To remove the harness, first remove the upper intake manifold. Place clean rags in the intake holes on the lower intake manifold to prevent debris from entering the manifold. Disconnect the C1 connector from the ECM (this goes to the engine, the C2 connects to the PDC). Follow the harness and disconnect it from the PDC connectors, the alternator, fuel injectors, coil packs, upstream O2 sensors, throttle body, etc. Note the portion of the engine harness that passes under the upper radiator hose connection at the lower intake manifold. On my 300M, the insulation on about half of the wires at this point had been melted due to the heat from the engine coolant passing through the hose.
Repair the harness. Separate the individual wires from each other. Wire by wire, cut out any parts that have melted or brittle insulation. Solder and heat shrink replacement wires into place.
After repairing the damaged portions of the wiring in this section of the harness, inspect the rest of the harness for cracked, brittle insulation, melted insulation, chafed insulation, etc. Repair the wires as necessary (this part took me a couple of evenings in my shop). Inspect all of the connector plugs for damage, missing lock tabs, or any other damage. You can still get most of the connectors at a dealer, so replace them as necessary (I found about half a dozen wires that were chafed at the connector plug and were probably grounding out on my harness; any of these could have fried my ECM), although if you need a C1 connector, you're going to have to go to a junkyard and splice it in (I didn't need one). Use solder and heat shrink, or you'll just end up redoing the job when your crimped splices corrode out.
After repairing all the wires in your engine harness and replacing any connectors as necessary, chafe wrap your rebuilt harness. Between Auto Zone, O'Reilly's and Harbor Freight, I got plenty of 1/4”, 3/8”, 1/2” and 3/4” plastic anti-chafe corrugated tubing (or whatever it's called). Chafe wrap every sensor lead right down to the sensor and secure the chafe wrap with zip ties. After chafe wrapping the entire harness, use plenty of electrical tape where sections of chafe wrap meet to secure the sections together.
At this point, you have a harness that's probably better than factory. Reinstall the harness, rerouting it ABOVE the upper radiator hose and pushed forward more so you don't get melted wiring again anytime soon from radiated manifold heat. Reconnect the harness to your ECM (you might get lucky and NOT have a fried ECM). Try to start the car. If you're still getting the chattering relays, your PCM is shot. I recommend going to Auto Zone for a new one. Dodge wanted $500 for the part, plus another $100 to flash program the ECM; they wanted $900 to install and program the ECM themselves. O'Reilly's wanted $130 for the ECM, $20 to ship it in from out of state (plus a three-day wait), and then I'd have to take it to Dodge to flash program it. AutoZone had the part I needed for $130, and when I went in, I brought in my VIN and my mileage, they got me the part in three days already flash programmed from the remanufacturer. It works like a charm, plug-n-play. Just install the part and you're ready to go.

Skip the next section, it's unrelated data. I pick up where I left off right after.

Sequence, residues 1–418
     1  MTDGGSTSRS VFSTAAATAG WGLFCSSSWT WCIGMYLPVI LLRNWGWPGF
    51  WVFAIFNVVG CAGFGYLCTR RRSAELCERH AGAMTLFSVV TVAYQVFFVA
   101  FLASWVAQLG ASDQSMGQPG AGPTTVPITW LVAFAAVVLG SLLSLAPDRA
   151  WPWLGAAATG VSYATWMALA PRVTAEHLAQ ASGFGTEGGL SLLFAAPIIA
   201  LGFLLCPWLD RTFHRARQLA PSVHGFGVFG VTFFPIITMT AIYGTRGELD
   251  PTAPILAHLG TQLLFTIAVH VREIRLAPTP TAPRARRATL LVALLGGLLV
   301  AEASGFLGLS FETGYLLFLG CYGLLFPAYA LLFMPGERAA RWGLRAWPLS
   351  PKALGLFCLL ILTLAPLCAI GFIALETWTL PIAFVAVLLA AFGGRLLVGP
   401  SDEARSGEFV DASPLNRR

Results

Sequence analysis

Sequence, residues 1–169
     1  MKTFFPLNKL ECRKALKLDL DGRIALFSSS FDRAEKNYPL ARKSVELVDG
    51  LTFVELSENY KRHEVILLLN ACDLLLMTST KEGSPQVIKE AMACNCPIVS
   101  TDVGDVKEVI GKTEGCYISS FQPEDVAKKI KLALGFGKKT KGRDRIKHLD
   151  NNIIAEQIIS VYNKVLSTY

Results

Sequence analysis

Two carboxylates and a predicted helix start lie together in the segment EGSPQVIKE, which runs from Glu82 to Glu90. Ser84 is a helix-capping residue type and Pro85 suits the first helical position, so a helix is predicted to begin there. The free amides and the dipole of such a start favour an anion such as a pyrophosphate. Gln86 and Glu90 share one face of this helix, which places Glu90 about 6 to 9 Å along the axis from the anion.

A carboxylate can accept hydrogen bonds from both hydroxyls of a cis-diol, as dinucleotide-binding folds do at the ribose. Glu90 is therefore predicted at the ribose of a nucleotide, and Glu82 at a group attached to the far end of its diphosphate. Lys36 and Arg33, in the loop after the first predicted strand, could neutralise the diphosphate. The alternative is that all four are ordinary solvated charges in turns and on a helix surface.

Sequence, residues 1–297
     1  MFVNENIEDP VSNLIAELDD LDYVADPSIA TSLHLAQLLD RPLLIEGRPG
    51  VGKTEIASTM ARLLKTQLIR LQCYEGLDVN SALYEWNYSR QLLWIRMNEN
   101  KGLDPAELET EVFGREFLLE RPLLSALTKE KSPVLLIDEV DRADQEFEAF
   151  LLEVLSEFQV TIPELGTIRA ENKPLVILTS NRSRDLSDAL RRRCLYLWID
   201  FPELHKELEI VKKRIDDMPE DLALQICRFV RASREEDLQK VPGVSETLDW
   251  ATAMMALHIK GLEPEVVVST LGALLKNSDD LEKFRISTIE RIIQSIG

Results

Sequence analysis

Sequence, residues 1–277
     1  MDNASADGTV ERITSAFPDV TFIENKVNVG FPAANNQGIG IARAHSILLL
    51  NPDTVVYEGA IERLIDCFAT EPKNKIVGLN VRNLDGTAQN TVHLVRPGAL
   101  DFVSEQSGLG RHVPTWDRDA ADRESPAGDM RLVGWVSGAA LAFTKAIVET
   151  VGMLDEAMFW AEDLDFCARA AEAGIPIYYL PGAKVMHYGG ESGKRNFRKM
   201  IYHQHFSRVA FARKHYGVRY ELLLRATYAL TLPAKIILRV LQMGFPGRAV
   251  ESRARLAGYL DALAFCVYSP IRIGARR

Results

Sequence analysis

todya after starting my car and nor warming it up before I drove off ( It is currently winter) as I got onto highway and began to accelerate the car began to sputter and jerk horribly. I slowed down an released the pressure on the gas pedal attempting to accelerate slower. However as I got to sixty I tried giving the car more gas and it began to sputter again. Turned around came home went to Auto Zone and two different shops and all scanners point to a bad crankshaft or cam sensor. Hoping to replace myself to save high shop costs
Visitor, 1999 Chrysler 300M, 3.5L V6, 158,000 mi
My 300m stalls when I come to a stop. I can also feel shaking once the engine warms up.
while driving car just shuts down hard to restart,
Visitor, 2004 Chrysler 300M, 3.5L V6, 148,000 mi
Changed both cam and crank sensor. That fixed the problem. Make sure you buy them from the dealer.
Visitor, 2003 Chrysler 300M, 3.5L V6, 120,000 mi
I had to get the garage to replace the Cam Sensor too, vehicle would not start intermittently, I thought maybe the charging system wasn`t working, but no, it was the Cam Sensor. The garage had to go through 2 of them because the first one didn't a small piece of cardboard that flies off when it is first flashed up. Don`t ask me too much about this bit but I did not enjoy the waiting part to get the second Cam sensor to be delivered after lunch. The vehicle had a few mornings where the engine lost power and I eased off the gas just to limp back home with the engine light on. Since it has been replaced no problems with the car.
The gas pedal locks, wont go down when you turn on the key ,Alternator Not charging, car starts very hard cranks a long time after starts runs of until you get to 2500 RPM then it lopes real bad at 2500 RPM and higher, very hard to start and in the past, it has never had these problems, always been a great ca.
Replaced both the Cam and Crankshaft position sensors as well as the Alternator and this didn't fix the problems listed above. So at this point the bigs bucks will probably have to be spent to fix it and I will probably take it to a shop or dealer, but the cost for labor is 10 times the cost of the parts.
Visitor, 2004 Chrysler 300M, 3.5L V6, 167,000 mi
Car stalled after running for 10 mins, was in process of acceleration and at aprox 3000RPM's when engine shut down, PO 0344 code reported (only).